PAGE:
When he reached that point he knew he was ready, all he needed was the right day and the proper weather.

Hey, he did it, what can you say?
Skuj
RE: Roger Bannisters Training 9/10/2005 3:06PM - in reply to Details Reply | Return to Index | Report Post
I don't think he ever ran 1320 repeats at 3min. He would often trial a single 1320.
Rain Man
RE: Roger Bannisters Training 9/10/2005 3:13PM - in reply to Skuj Reply | Return to Index | Report Post
Check out the Perfect Mile. It talks about the race to break the 4 minute barrier by Bannister, Landy and Wes Santee. A good read...you can also download it on iTunes and listen to it on your iPod.

One of the parts I thought was so interesting was the times that "professional" athletes were running at the time - comparable to what a good high schooler runs these days.
the answer
RE: Roger Bannisters Training 9/10/2005 3:44PM - in reply to Details Reply | Return to Index | Report Post
Ive never seen anything saying he did 1320 repeats at 3 min and I dont belive it. Why? He states himself that once he was able to do ONE 3/4 mile, solo, in practice that he would be able to do 4 minutes for a mile race with competition, adreneline, etc. It all boils down to 10x440.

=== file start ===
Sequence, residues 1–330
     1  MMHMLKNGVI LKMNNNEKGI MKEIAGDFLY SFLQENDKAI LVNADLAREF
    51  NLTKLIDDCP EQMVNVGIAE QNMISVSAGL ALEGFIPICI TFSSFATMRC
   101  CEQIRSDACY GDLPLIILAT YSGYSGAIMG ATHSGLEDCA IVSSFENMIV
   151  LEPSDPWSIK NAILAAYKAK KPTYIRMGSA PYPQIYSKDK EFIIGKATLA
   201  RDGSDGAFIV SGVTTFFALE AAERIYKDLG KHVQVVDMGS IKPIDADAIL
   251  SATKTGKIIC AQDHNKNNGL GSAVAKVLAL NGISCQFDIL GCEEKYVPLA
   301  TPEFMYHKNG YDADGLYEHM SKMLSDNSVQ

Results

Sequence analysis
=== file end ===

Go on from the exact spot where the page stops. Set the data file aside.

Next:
Speed Kills
RE: Roger Bannisters Training 9/10/2005 6:08PM - in reply to the answer Reply | Return to Index | Report Post
Looks like a lot of people could do a little reading here.

Bannister's training was based on 10 X 440 yards with 2 minute rest, starting at 66 seconds/440, decreasing by 1 sec/month down to 56 seconds, when he ran his sub-4. He also did 3 X 1 1/2 miles (not originally documented, as he considered it too difficult) at 14:00 3 mile pace. He also did a weekly time trial of 3/4 mile in under 3 minutes at the end (note: this was NOT a 1320m interval session; It was a 3/4 mile time trial (race pace), and this is an important distinction).

Bannister ran his sub-4 on whatever time he could take away from his medical studies at Oxford, often not more than 30 minutes per day. His maximum mileage was less than 30 mi/wk, reducing to something like 15 mi/wk during racing. He used TWO rabbits when he ran his sub-4.

His book, "The Four Minute Mile," is still in print after 50 years, and would be good reading for most letsrun posters.
Le fromage
RE: Roger Bannisters Training 9/10/2005 7:48PM - in reply to Speed Kills Reply | Return to Index | Report Post
I have read The Perfect Mile but haven't checked out the first four minutes, i'll see if I can find it. Did he do anything besides pounding out intervals? I'd really like to know some of Landy's training since he was a better runner.
Tinman
RE: Roger Bannisters Training 9/10/2005 10:06PM - in reply to Speed Kills Reply | Return to Index | Report Post
Speed Kills is right. Franz Stampfl, Bannister's coach, wrote a very nice book on training that shows it all. In the autumn, endurance intervals were used. Paces were substantially slower than race pace and the volumes were high enough and the frequency often enough to provide aerobic conditioning and introductory anaerobic conditioning. It is a total myth to say the Dr. Bannister ran 10 x 440 yards in 60 seconds or better regularly, weekly, and year round. He gradually built up to it, along with other runners trained by Stampfl, who was a brilliant coach.
brashaway
RE: Roger Bannisters Training 9/10/2005 10:19PM - in reply to Tinman Reply | Return to Index | Report Post